永康街 Yong Kang Street in Taipei’s 大安區Da’An District is not merely known to many as a single road but rather, a collective network of interweaving small lanes packed with interesting restaurants and cafes to visit. Its famous for many things, most notably as the birthplace of 鼎泰豐Ding Tai Fung, known for the 小籠包 xiao long bao steamed dumplings. DTF’s flagship store still helms the entrance of Yong Kong Street, often seen packed not just the restaurant within but also along the corridors, with tourists from Mainland China brought here by the tour bus loads. But we are not here to eat xiao long bao. I’m sure there’s a better place and better occasion for them. Instead, we are to visit “Pâtisserie La Douceur 品悦糖 – 法式甜品专卖” one of the pâtisseries we’d come across quite frequently over our research for the last trip. Since we would be visiting them again in 2 weeks’ time, I thought I’d better roll out the write up for last year’s visit first!
This “summer” brought us a guest and boy o’ boy did she appear in all pomp and circumstance fanfare! Donned in a fiery sanguine number, all so thinly cladded, only to reveal her succulent, creamy bosoms in brilliant sunset yellow, alluringly seductive and inviting for one to sink his teeth in, to draw upon all her nectary essence and suck the very bone marrow out of her life. No, I’m not about to embark in some B-grade erotic horror flick, but indeed the taste and textures of Ai Wen Mangoes AWM 爱文芒果 from Taiwan can most certainly be described as being orgasmic, probably something which many of you out there have not experienced for a rather long time. *chuckles*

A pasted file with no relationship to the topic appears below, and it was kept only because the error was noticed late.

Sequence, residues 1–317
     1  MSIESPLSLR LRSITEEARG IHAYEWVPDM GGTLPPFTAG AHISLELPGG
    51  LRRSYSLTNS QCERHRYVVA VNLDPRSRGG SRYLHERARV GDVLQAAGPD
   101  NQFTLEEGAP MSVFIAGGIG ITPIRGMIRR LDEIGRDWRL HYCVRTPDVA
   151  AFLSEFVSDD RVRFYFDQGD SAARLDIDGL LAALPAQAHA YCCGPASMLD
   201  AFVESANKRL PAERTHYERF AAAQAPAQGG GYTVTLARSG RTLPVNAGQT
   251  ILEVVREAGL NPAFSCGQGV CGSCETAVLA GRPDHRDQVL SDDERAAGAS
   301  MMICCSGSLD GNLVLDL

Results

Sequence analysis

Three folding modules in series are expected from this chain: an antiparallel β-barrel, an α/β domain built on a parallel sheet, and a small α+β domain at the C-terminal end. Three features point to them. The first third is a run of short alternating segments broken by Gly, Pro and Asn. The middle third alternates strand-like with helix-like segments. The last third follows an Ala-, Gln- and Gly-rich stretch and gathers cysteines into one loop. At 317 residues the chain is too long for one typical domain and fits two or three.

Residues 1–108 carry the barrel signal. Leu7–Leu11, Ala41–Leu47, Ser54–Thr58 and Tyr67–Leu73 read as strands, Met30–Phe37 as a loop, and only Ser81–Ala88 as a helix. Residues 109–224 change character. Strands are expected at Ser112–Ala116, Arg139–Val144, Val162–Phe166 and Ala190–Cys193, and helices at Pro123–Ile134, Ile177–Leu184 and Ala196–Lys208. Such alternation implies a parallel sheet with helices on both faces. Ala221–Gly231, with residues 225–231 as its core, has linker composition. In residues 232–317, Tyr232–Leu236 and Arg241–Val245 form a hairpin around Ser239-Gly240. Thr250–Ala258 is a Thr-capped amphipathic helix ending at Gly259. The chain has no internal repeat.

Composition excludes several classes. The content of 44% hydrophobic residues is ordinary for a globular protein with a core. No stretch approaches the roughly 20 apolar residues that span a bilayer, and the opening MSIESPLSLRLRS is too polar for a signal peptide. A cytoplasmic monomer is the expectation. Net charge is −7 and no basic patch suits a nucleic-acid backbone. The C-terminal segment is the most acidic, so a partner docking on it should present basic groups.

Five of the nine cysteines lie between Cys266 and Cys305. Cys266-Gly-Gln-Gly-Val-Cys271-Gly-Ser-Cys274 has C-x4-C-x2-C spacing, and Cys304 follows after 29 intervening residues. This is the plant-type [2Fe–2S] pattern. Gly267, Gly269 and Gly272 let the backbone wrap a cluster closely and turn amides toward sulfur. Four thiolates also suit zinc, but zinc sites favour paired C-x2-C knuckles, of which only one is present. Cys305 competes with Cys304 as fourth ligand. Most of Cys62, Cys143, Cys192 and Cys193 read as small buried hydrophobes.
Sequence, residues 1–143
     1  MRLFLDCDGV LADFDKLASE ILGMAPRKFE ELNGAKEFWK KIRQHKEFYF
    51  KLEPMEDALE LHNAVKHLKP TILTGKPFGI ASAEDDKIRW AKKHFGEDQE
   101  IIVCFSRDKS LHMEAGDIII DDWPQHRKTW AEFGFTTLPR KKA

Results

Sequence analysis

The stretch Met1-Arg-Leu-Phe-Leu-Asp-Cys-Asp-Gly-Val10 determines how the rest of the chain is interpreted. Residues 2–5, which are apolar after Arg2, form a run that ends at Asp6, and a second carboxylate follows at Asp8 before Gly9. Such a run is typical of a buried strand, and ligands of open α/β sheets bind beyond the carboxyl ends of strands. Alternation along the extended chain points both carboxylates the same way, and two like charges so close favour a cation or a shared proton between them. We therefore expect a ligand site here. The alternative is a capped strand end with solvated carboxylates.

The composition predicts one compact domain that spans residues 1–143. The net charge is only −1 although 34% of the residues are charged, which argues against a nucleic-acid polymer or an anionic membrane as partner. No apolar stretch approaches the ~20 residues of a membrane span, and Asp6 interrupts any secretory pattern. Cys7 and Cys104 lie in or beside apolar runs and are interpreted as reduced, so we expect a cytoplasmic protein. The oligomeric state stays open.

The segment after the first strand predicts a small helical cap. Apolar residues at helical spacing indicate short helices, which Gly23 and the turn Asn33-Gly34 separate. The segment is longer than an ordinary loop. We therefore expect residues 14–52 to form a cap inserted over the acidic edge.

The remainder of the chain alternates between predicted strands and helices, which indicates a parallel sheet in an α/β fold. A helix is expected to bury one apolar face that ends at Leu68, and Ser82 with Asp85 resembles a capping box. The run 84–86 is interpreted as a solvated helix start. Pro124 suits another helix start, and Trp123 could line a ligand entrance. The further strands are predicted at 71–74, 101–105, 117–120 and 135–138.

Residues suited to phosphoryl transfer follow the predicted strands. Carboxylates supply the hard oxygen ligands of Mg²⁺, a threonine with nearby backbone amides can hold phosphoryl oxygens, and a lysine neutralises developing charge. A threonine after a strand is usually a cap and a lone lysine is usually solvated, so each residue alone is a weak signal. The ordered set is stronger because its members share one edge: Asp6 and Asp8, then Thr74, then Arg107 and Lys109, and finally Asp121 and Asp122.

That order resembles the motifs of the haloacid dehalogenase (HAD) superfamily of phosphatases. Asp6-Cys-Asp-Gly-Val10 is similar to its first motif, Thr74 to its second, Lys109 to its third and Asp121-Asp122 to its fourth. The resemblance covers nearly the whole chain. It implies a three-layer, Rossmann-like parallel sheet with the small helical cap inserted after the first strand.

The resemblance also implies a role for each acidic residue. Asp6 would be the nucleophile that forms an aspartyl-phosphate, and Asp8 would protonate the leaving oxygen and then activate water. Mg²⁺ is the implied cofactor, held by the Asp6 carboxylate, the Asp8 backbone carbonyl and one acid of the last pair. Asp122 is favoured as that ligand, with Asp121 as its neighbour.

My virginal concurrence with AWM dated many years back at a dessert parlour in Taipei which boasted to serve 挫冰 shaved ice topped with chunky morsels of it. And it was not just any AWM, but the crème à la crème ones grown in 玉井 Yujing area from 台南县 Tainan County. One mouthful and I was sold!!! Unlike the other asian mango varieties we had back then, the textures of AWM was something which I’d not encountered. The flesh was creamy yet oddly, was also imbued with a bouncy gelatinous like texture, so you can imagine the
foreplay interplay with the tastebuds! The experience was so surreal as its almost like eating fruit jelly. It was also on the dot on the Brix scale with perfectly controlled sugar levels. And the best part was, unlike many other versions available elsewhere, no condensed/evaporated milk or mango puree/concentrate/syrup was added. All naturel! Subsequent trips to Taiwan were all in the “wrong” time of the year and did not coincidence with AWM season. So you can imagine the excitement when I chanced upon them again recently and quickly snapped up half a dozen first. A few were eaten the first moments after reaching home with them. A reprise of fond memories. But what better way to glorify their magnificence than to encapsulate all of its essence in one of the creations by the great Japanese patissier 杉野英実 Hidemi Sugino, Tartlette aux Mangue et Fruits de la Passion, which he aptly named Tahiti タヒチ.